The Intersection

Tools for Making Sponsorships Work

Three veteran meeting professionals weigh in on the care and feeding of 'corporate partners.'

Finding and keeping the right sponsors for your event is a necessary task — and can be a tricky one, too. Is there a formula for keeping everyone happy, attendees included?

In “Sponsorship Marketing,” the latest video for The Intersection, presented by PCMA and PSAV, host Jamie Muro gets down to sponsorship brass tacks with Kati S. Quigley, CMP, senior director of partner community marketing for Microsoft, and Meg Fasy, principal of sponsorship management for FazeFWD Sponsorship Management and former vice president of sales for Bellagio. Both are veterans of working with sponsors — and both say it’s critical to build long-term relationships that include lots of listening. “Gone are the days where partners are just saying, ‘Okay, well, I’ll put my money over to the welcome reception,’ or ‘I’ll buy the lanyards,'” Fasy said. “[Sponsors] really want to match sponsorship opportunities to their goals and objectives.”

Because sponsors are making such a significant investment in an event — one exponentially larger than that of an individual attendee — it’s important to make them feel “that they matter,” Quigley said. “It’s certainly a long-term approach. Understand who [sponsors] are and what they’re trying to achieve. Make sure that your goals and their goals are aligned.”

That can include giving sponsors a place at the table — literally. Beth Allgaier, corporate relations director for the Society of Interventional Radiology (SIR), involves sponsors throughout the year during touchpoint meetings. “Opening up those extra channels for dialogue is really key,” Allgaier said. “One of the really cool things we’ve done in the last three years was invite [sponsors] to our planning-meeting site visits for the following year’s meeting, so they feel invested. They can talk to other industry representatives about how inviting the venue is, they can talk about early plans, and sometimes they text us from the airport and say, ‘Hats off to you.'”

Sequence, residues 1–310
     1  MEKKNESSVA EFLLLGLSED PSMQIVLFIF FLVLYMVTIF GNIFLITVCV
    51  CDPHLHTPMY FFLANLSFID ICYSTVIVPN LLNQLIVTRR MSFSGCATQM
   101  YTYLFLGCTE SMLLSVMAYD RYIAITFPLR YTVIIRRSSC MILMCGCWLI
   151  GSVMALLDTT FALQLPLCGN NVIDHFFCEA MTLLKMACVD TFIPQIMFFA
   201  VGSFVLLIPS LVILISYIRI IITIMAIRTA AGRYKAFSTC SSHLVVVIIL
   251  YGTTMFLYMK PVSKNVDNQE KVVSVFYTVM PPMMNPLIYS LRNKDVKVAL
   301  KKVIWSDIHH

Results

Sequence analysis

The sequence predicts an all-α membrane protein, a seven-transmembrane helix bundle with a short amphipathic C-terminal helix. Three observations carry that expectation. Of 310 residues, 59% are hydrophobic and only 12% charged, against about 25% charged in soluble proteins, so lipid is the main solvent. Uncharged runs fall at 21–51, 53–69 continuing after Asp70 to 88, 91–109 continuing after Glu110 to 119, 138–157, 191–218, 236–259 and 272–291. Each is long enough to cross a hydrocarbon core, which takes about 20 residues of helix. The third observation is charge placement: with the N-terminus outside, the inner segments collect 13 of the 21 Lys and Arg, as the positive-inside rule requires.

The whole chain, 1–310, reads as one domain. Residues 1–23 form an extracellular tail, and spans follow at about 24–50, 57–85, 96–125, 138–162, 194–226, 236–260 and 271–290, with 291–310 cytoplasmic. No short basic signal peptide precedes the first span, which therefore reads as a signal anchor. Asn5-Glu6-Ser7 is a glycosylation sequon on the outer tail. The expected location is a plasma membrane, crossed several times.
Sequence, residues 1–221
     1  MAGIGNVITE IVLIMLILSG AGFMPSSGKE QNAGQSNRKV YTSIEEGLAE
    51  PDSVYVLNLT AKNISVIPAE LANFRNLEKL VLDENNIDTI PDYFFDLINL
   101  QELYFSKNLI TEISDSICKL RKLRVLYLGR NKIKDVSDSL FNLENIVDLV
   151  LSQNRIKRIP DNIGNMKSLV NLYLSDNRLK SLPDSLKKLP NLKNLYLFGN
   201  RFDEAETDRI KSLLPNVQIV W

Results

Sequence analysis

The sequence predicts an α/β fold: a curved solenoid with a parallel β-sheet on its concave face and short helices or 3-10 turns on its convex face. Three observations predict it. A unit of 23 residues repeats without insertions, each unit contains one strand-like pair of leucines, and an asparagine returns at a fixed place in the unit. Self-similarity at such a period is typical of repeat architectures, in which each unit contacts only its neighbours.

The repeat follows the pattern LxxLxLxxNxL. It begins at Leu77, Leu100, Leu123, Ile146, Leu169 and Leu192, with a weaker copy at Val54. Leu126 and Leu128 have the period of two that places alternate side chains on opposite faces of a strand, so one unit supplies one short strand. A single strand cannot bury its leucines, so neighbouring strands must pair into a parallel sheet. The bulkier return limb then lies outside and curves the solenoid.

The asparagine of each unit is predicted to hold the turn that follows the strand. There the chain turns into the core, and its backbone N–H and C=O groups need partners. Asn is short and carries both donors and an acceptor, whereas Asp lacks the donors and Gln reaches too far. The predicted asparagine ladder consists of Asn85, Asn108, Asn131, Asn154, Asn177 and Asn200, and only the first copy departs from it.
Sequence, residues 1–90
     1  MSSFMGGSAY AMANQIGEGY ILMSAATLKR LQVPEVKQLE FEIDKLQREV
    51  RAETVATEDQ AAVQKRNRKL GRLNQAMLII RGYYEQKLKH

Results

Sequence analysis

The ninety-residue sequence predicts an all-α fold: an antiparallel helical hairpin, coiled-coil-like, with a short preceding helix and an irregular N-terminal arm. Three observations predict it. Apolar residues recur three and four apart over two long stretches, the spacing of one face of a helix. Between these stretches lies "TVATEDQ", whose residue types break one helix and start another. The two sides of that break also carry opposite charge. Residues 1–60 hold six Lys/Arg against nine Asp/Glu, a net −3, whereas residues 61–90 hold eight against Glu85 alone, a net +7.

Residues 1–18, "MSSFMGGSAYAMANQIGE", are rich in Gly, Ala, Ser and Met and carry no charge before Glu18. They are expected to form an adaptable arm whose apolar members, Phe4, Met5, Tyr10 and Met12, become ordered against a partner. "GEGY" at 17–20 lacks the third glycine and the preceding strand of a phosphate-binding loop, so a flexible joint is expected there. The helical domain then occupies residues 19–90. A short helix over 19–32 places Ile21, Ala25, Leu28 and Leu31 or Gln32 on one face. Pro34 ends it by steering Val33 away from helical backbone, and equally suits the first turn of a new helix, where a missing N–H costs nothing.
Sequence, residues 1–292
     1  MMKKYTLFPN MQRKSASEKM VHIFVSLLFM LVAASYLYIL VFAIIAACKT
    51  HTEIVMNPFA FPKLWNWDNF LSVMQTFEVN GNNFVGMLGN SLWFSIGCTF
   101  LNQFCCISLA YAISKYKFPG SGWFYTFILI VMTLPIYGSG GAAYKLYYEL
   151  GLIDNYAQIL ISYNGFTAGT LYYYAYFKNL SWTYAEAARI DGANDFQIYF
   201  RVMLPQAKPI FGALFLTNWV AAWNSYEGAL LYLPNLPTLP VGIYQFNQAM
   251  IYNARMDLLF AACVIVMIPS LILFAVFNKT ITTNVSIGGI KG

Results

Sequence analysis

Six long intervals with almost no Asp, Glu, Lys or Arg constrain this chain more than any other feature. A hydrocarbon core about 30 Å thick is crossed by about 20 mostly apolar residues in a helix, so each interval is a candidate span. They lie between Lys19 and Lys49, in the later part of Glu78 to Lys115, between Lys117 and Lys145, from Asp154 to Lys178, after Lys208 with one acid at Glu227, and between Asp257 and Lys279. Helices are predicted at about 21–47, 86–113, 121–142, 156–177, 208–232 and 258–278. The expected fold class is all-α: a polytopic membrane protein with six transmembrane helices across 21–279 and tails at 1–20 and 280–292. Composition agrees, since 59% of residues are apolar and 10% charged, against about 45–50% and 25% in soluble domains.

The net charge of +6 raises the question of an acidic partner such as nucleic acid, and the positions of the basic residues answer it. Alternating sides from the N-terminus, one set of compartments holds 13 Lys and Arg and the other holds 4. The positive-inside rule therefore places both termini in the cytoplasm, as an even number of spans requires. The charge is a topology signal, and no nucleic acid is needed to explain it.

Beth Allgaier
Beth Allgaier

However, working in the medical sector puts some limits on how SIR promotes sponsors, and how those sponsors can contribute to an event. “We have to be more careful than other industries,” Allgaier said, to adhere to ethical standards and rules, as well as minimize the perception of a conflict of interest. For one, SIR doesn’t necessarily use the word “sponsors” — “they’re corporate partners,” Allgaier said — and logos and product branding are for the most part verboten. So SIR recognizes its corporate partners in other ways. “We provide more meaningful follow-up on a regular schedule throughout the year, and we create opportunities for two-way dialogue to make [sponsors] feel like they matter, and that we’re listening,” Allgaier said. “We also bring our partners to our board meeting, during which we have a roundtable session between industry partners and our board of directors.”

And when it comes to involving sponsors in the event? “Be flexible,” Allgaier said. “Some companies lend themselves well to coming up with new types of sponsorship opportunities, like an interactive wishing wall, or something unique, innovative, and entertaining at their booth that might generate noise and drive people into the expo. That’s what we all want.”

That emphasis on shared objectives, flexibility, and imagination seems to be an ideal formula for working with sponsors in 2016 — as does not making false promises. “Sponsorship has never been stronger,” Fasy said in the video. “I think the conversations are smarter, and I think they’re much more in depth, and [sponsors] are looking to drive ROI in sponsorships in a way they never have done before.”

Kati & Meg’s Top Tips for Working With Sponsors

1. Focus on the attendee experience and everyone wins.

2. Consider sponsors as customers.

3. Align methods, channels, and interaction with sponsor goals.

4. Understand your audience data before pitching a sponsorship.

5. Make sponsorship activity a touchpoint for attendees.

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Corin Hirsch

Corin Hirsch is associate editor of Convene.